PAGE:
Earlier this month Lt. Gov.-elect Nancy Wyman urged Department of Social Services Commissioner Michael Starkowski not to enter into any long-term contracts with three insurance companies that manage the state’s HUSKY program.
The letter essentially asks Gov. M. Jodi Rell’s administration to do no harm before leaving office Jan. 5, a goal the department said it shares.
Already the Department of Social Services and the Medicaid Managed Care Council which oversees the HUSKY contracts have admitted there’s no chance they will be able to follow a legislative mandate to save about $76 million by transitioning the Medicaid population from one model of care to another.
“I understand that, despite this legislative action, your department is in the midst of contract negotiations with the HUSKY plans, has already rescinded the important contract requirement that the plans pay providers at rates at least equal to the Medicaid fee-for-service rates, and intends to leave that requirement out of the new MCO contracts,“ Wyman wrote in her Dec. 6 letter to Starkowski. “That provision has been critical in recruiting providers to participate in the program so as to improve access to care for HUSKY families.”
The Medicaid Managed Care Council which oversees the contracts learned in November that the Department of Social Services renegotiated its rates with the three Managed Care Organizations in August, and made those contracts retroactive to July. Those negotiations are still ongoing and are expected to conclude before the end of December, but the Medicaid Managed Care Council has already learned that DSS allowed the three MCO’s to negotiate rates below the Medicaid fee-for-service floor.
The three Managed Care Organizations, Aetna Better Health, AmeriChoice by UnitedHealthcare, and Community Health Network, claimed at a Dec. 10 meeting that they aren’t seeking to pay doctors less under the new contracts. They told the council they’ve only negotiated lower rates with durable medical equipment providers and laboratory vendors.
“Primarily the removal of the floor means nothing to us,” Rita Paradis, CEO of Aetna Better Health told the council two weeks ago. She said Aetna renegotiated its contracts with half of its durable medical equipment vendors, but not doctors or hospitals.
“We’re not going there. That’s not our goal,” she added.
But health care advocates and Wyman worry it may be durable medical equipment vendors today and doctors tomorrow.
“I think it’s incredibly naive of the department to think that reducing rates or opening the door to reducing rates won’t impact access,” Ellen Andrews, executive director of the Connecticut Health Policy Project, said.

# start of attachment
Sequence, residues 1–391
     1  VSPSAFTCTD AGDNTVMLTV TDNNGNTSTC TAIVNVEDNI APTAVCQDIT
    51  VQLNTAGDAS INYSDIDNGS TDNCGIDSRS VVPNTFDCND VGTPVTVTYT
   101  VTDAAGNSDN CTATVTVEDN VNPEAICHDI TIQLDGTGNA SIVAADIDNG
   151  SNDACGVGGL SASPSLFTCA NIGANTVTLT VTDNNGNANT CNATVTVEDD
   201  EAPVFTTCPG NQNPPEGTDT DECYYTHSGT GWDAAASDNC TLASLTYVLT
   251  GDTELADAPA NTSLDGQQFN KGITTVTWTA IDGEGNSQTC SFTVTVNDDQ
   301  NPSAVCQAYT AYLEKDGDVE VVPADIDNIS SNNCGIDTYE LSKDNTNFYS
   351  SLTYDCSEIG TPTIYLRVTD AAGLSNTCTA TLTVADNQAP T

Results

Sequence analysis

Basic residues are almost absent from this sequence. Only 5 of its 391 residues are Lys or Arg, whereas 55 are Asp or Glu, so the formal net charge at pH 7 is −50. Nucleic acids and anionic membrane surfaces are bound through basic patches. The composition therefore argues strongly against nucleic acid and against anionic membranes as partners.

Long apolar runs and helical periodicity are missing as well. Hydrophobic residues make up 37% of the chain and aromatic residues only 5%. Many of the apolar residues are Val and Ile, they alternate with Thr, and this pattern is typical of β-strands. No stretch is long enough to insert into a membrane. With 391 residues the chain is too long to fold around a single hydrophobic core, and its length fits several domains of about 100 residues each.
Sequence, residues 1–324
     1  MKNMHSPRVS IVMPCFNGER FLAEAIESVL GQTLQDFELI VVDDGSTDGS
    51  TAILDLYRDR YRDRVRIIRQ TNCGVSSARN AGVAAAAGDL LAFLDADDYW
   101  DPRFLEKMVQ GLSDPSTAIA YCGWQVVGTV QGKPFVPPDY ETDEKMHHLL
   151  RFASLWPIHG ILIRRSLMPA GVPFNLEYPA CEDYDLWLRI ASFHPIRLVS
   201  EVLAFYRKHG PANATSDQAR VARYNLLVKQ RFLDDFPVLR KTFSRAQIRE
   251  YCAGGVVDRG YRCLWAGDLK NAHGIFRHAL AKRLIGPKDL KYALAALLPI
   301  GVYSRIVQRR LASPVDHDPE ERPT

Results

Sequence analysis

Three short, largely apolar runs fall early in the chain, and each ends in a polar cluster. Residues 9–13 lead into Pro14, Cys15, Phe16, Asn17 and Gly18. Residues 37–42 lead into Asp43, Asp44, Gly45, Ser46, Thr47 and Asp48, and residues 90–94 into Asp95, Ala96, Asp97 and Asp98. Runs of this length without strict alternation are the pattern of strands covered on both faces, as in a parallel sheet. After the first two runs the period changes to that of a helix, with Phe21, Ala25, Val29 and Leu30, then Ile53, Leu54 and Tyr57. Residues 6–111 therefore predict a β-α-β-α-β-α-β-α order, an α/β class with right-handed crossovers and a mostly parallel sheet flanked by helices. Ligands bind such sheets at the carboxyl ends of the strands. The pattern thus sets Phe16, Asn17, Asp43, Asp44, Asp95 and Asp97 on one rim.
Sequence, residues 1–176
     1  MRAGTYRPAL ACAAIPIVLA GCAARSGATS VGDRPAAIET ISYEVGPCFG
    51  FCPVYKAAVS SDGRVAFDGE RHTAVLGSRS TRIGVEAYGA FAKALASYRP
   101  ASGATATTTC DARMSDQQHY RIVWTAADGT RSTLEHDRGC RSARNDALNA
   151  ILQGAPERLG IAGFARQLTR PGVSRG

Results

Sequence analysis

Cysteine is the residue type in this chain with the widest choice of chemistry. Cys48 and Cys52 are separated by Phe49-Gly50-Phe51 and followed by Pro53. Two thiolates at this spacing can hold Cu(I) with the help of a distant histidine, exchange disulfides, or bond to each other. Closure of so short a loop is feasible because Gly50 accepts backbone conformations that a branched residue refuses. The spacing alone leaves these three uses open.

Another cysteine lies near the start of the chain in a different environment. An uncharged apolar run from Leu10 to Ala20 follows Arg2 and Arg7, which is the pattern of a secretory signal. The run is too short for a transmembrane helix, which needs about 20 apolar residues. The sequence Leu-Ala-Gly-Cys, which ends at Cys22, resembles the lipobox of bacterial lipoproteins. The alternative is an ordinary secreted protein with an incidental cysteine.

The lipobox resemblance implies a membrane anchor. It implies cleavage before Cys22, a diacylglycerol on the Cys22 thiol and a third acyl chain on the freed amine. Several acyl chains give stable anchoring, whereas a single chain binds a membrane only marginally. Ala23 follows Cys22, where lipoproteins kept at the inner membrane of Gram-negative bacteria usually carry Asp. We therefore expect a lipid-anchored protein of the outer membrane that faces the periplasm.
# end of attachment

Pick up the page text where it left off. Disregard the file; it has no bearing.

“We are not overpaying providers in this plan,“ Andrews said. “If you don’t have any intention to go below then what’s the problem with leaving it there?”
Since 2008, when the program was re-bid for the first time in a decade, it has had trouble holding onto doctors or getting doctors to participate because of its low reimbursement rates.
“You have to keep a certain number of doctors in the program to begin with, if you cut rates you’re going to lose some,” Andrews said in a phone interview last week.
Mark Schaefer, DSS’ director of medical care administration, said the department will monitor the change to make sure access and participation are not impacted.
In his Dec. 9 response to Wyman, Starkowski maintained that there were no negotiations underway to extend the current contracts with the MCO’s past the June 30, 2011 expiration date, however, he said the department is currently negotiating “capitation rate adjustments,” or the payment the MCO’s pay medical providers.
Starkwoski said achieving the budgeted savings Wyman called for in her letter, a change mandated by the legislature, “is more complicated than might be assumed, notwithstanding the fact that we are in negotiations to drive down current capitation rates.”
“This complex subject is also under review by the legislature’s Medicaid Care Management Oversight Council, which has asked the Connecticut Health Foundation for an analysis to assist in a recommendation about which particular direction to take. The analysis may also be helpful to the new administration in making a decision going forward about the structure of the program and delivery systems for other DSS health care programs,” Starkowski wrote.
Schaefer insisted that the contracts for the new capitation rates will need to be signed by the new administration.
Andrews said she knows the insurance companies denied lowering rates for doctors, however, she’s a little suspicious.
“They received permission to retroactively do something they said they’re not doing,” Andrews said last week in a phone interview. “It doesn’t make sense.”